Research dives deep to understand climate impacts on whales

A world-first research project aims to understand how ocean changes influence the recovery of whale populations in the southern hemisphere.

An international team of researchers from six countries including Australia aim to create a model for whale distributions under future climate-change scenarios and investigate changes influencing population status and conservation of humpback whales.

Professor Brendan Mackey, Director of the Griffith Climate Change Response Program and Co-Director of the Whales and Climate research

Professor Brendan Mackey, Director of the Griffith Climate Change Response Program and Co-Director of the Whales and Climate research, said the five-year research program would establish a fundamental understanding of how changing ocean conditions were influencing the recovery of humpback whale populations.

“The project will develop adaptation scenarios for advancing whale conservation policies and programs,” Professor Mackey said.

“Climate change is drastically altering ecosystems and our oceans are experiencing fast changes, affecting all marine life.”

He said the project will also lead to an improved understanding of the whales’ contribution to ocean productivity by fertilising the upper layers with their nutrient-rich waste and provide greater insight into the role they play as climate engineers, driving carbon out of the atmosphere and trapping it on the ocean floor.

The project comprises climate scientists, marine ecologists and oceanographers from Griffith University, South Africa’s Stellenbosch University, University of Cape Town and Cape Peninsula University of Technology, the Smithsonian Tropical Research Institute in Panama, the Universidade Federal do Rio Grande (Brazil), Pontific Catholic University of Ecuador and the CEQUA Foundation (Chile)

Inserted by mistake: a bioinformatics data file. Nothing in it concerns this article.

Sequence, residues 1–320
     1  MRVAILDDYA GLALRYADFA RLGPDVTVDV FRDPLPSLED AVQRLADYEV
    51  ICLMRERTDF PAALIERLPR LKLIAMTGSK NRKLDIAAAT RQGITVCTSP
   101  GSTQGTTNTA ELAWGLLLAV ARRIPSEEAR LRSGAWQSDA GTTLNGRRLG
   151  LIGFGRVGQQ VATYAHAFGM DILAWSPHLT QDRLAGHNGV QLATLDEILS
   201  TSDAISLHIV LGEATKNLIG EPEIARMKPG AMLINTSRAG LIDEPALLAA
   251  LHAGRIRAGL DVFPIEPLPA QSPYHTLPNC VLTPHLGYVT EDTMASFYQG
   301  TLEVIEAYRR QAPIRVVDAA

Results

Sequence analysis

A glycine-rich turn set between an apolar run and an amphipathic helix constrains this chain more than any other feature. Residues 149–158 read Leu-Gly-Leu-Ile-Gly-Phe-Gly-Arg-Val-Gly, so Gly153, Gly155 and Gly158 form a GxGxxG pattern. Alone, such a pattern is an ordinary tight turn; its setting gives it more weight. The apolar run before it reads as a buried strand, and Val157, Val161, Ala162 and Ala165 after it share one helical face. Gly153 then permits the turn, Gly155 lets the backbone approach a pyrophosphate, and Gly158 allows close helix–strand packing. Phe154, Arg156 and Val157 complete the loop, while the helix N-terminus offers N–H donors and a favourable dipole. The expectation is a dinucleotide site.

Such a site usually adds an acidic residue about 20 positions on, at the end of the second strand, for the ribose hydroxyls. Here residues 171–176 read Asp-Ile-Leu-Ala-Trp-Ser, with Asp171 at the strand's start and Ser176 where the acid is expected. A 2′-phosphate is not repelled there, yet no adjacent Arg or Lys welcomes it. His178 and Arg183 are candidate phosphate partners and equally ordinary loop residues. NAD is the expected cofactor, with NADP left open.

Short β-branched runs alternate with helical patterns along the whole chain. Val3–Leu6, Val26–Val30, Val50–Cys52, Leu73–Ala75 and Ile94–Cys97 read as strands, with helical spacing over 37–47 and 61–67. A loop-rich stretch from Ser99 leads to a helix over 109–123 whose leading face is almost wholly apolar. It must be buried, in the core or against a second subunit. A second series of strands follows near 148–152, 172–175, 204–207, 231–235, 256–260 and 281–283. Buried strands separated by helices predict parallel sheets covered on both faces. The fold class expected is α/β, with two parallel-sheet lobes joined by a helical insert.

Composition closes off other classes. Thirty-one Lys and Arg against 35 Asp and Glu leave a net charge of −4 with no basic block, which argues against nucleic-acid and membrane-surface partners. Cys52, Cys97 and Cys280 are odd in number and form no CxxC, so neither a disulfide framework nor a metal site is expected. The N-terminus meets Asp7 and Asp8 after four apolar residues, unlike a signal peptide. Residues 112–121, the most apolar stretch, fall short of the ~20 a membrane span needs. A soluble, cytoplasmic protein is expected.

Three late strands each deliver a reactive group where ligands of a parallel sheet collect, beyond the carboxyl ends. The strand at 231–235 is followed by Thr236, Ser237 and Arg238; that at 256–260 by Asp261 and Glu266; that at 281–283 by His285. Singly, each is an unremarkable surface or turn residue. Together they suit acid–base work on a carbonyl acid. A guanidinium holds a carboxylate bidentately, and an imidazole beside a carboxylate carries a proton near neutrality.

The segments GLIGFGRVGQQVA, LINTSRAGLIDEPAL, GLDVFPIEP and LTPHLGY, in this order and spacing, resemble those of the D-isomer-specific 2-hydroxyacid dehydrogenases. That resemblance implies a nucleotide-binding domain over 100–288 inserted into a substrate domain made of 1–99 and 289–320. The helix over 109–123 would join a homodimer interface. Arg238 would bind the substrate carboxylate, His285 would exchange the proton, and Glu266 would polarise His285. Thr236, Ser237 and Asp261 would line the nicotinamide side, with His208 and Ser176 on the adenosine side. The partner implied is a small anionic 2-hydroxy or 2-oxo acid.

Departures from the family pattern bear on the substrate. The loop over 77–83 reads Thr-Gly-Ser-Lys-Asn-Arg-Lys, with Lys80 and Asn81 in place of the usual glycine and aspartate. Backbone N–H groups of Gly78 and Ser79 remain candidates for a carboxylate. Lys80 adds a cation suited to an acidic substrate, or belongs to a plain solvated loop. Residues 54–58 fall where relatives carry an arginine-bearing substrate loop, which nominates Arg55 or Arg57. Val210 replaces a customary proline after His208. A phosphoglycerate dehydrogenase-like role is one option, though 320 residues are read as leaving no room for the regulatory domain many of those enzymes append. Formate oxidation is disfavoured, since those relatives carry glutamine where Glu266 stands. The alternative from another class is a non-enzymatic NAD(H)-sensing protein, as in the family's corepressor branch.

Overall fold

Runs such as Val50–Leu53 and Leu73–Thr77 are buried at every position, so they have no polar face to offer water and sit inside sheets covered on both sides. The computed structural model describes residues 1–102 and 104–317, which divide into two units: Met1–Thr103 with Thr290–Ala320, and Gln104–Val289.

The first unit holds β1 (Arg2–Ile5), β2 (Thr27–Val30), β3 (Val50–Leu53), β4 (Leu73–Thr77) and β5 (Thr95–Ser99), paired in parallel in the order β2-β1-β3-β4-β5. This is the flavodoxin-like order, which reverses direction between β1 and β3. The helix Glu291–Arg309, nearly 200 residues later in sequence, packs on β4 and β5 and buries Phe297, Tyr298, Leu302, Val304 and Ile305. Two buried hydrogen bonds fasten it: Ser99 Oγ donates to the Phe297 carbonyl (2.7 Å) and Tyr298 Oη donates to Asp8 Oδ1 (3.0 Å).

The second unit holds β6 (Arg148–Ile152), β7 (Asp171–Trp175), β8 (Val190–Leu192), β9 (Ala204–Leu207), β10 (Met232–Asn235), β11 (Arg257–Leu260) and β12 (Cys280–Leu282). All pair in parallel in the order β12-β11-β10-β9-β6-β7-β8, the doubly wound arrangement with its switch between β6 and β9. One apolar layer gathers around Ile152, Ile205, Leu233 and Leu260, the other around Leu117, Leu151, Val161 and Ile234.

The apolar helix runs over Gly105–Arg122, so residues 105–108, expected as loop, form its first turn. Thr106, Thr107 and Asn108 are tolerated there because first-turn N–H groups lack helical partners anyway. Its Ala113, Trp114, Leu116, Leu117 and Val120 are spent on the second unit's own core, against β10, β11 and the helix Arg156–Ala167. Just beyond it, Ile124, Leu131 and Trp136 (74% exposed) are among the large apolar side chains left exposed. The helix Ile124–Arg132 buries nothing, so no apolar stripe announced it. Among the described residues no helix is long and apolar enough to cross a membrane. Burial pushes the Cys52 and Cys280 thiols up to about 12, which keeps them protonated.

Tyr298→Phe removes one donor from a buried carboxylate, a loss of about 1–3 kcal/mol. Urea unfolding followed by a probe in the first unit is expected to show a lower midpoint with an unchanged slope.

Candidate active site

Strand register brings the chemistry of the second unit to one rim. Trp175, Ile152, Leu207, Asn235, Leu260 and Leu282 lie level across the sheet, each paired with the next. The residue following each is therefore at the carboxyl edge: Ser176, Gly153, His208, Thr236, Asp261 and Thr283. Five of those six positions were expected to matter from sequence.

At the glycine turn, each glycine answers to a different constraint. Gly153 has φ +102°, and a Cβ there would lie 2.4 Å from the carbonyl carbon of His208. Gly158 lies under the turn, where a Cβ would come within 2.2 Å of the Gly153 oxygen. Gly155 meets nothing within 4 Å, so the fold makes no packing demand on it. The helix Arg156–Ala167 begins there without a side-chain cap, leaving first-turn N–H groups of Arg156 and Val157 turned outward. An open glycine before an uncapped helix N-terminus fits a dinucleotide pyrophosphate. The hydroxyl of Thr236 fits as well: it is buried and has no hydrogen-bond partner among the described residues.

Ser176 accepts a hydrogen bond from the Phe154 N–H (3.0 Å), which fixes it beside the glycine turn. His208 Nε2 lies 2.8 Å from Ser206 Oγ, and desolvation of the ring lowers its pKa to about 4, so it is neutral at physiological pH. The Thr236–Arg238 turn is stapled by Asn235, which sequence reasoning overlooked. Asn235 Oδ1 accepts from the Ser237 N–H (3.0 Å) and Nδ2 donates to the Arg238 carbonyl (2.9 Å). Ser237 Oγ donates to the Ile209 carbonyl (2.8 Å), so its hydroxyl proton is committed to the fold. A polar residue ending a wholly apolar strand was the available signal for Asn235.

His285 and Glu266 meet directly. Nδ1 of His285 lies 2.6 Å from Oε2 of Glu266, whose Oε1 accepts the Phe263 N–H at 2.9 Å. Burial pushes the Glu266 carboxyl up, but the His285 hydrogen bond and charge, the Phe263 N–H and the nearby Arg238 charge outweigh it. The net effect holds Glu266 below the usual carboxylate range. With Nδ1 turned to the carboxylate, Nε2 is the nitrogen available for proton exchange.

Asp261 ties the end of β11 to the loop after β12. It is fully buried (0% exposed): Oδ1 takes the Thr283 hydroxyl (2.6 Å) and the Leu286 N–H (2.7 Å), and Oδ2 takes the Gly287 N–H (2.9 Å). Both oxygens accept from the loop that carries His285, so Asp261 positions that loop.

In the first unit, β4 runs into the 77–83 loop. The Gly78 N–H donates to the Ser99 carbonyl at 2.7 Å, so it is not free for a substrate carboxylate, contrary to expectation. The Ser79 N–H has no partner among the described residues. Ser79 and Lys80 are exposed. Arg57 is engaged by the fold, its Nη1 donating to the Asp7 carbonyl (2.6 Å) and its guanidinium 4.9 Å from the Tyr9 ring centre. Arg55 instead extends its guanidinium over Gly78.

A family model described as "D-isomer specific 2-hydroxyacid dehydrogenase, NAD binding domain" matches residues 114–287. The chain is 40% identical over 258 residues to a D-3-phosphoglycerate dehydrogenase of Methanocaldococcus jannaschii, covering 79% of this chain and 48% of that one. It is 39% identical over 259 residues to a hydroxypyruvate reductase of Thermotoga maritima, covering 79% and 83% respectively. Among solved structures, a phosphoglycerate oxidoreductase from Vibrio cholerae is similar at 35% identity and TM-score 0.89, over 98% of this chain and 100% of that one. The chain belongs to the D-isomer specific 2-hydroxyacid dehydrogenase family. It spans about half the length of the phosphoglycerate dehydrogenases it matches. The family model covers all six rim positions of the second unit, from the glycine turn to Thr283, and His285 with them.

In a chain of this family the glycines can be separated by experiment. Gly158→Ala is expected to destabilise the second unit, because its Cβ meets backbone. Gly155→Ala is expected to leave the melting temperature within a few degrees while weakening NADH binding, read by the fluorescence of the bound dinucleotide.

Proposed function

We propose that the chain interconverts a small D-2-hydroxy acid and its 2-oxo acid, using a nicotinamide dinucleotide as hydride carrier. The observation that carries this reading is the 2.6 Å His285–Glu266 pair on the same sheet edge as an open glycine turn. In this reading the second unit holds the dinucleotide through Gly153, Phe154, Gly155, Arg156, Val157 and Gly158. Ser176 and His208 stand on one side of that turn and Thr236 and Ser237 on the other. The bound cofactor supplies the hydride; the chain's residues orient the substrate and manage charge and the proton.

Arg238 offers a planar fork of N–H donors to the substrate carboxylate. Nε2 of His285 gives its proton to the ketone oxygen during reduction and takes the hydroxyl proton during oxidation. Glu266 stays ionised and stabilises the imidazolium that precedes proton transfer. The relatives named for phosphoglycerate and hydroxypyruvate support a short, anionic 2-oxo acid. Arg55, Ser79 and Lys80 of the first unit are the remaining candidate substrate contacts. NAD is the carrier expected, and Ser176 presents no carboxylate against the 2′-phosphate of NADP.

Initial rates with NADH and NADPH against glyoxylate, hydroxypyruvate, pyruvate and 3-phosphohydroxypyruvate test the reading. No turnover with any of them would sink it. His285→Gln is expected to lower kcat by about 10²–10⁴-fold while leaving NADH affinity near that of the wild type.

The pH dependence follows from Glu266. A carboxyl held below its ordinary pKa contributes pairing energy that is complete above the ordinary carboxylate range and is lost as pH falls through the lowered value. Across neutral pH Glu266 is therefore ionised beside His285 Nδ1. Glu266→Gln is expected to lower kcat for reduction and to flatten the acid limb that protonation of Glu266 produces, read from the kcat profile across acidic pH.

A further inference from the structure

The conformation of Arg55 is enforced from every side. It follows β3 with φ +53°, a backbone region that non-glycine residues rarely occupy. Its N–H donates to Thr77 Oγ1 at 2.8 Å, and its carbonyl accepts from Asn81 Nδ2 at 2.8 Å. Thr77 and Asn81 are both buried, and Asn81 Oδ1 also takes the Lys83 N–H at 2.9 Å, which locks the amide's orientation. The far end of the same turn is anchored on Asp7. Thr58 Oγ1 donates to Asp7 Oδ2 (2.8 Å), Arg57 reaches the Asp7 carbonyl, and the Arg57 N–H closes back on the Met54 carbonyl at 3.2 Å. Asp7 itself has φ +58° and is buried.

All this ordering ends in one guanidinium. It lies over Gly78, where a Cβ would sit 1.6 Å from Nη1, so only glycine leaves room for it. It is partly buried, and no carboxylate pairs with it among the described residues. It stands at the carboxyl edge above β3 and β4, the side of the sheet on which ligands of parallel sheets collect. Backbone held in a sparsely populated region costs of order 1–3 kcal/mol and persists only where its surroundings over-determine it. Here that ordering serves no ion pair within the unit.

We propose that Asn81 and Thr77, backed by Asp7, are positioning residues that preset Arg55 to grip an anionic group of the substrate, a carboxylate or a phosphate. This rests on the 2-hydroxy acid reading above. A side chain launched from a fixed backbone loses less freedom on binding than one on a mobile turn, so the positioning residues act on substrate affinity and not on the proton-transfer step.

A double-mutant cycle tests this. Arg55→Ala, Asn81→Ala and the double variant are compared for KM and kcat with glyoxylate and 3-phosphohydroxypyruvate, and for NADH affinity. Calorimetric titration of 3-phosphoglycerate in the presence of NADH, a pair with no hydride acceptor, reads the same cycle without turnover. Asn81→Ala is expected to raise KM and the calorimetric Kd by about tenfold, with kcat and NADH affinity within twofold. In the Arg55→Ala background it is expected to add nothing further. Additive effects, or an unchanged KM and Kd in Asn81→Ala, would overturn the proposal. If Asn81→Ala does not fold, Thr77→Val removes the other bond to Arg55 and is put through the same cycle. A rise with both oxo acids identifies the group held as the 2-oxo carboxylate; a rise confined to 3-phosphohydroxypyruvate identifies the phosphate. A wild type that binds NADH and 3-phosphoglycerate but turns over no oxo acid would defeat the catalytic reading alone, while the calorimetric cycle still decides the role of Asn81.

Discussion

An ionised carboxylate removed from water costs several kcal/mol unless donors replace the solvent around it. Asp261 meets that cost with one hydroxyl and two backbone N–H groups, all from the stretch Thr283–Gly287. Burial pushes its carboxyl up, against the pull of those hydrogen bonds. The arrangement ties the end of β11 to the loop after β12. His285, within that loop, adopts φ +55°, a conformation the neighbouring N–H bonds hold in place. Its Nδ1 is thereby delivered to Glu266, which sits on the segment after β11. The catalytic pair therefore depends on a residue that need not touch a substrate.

Griffith University with the Climate Change Response Program is leading the project, contributing expertise in coupled ocean modelling, whale movement and biology, climate change impacts, and natural resource management and conservation policy.

Dr Olaf Meynecke, a key whale researcher at the Griffith Centre for Coastal Management and manager of the project.

Whale researcher and manager of the project Dr Olaf Meynecke said many whale populations are in the process of recovering following over-exploitation by the whaling industry. However, whales are now facing another human-made problem, climate change.

“The latest research on whales and climate change around the world show increased strandings, entanglements, reduced calving and migration shifts which have partially been attributed to ocean warming,” Dr Meynecke said.

According to Professor Ken Findlay from the Cape Peninsula University of Technology, the project breaks new ground combining historic long-term datasets with future scenarios for multiple whale populations and regions in the Southern Hemisphere.

“The combination of these different data sets represents a powerful tool to understand changes in whale distributions, and will validate our models in this area,” said Professor Marcello Vichi, the leader of the modelling team from the University of Cape Town.

Professor Alakendra Roychoudhury of Stellenbosch University suggest that long-term and seasonal observations in the Southern Ocean have been vastly unexplored.

“A lack of such baseline data can skew climate models, creating uncertainties. For example, we recently used seasonal carbon dioxide fluxes to show that the Southern Ocean is behaving quite differently to what was previously thought based on climatology and satellite data alone,” said Professor Roychoudhury.

Diagram showing role whales and their nutrient rich faeces play in mitigating climate change and increasing ocean productivity.

The research teams from Brazil, Chile, Ecuador and Panama will investigate detailed movement of the South American west coast humpback whale population. During the austral summer, these populations migrate to feeding grounds in the cold waters of southern Chile and Antarctic Peninsula.

“The western Antarctic Peninsula has been experiencing a drastic increase in warming and there is strong evidence that this warming is affecting the whales’ ecosystem,” said Professor Eduardo Secchi, Federal University of Rio Grande.

“Our research assesses the effect this change is having on whale distribution and their recovery after the long period of exploitation in the first half of the 20th century.”

With the breeding season upon us, multiple research cruises are scheduled for the feeding and breeding grounds of target populations in Antarctic and coastlines of Australia, Africa, and South America, with migration models and project information available at the Whales and Climate Program.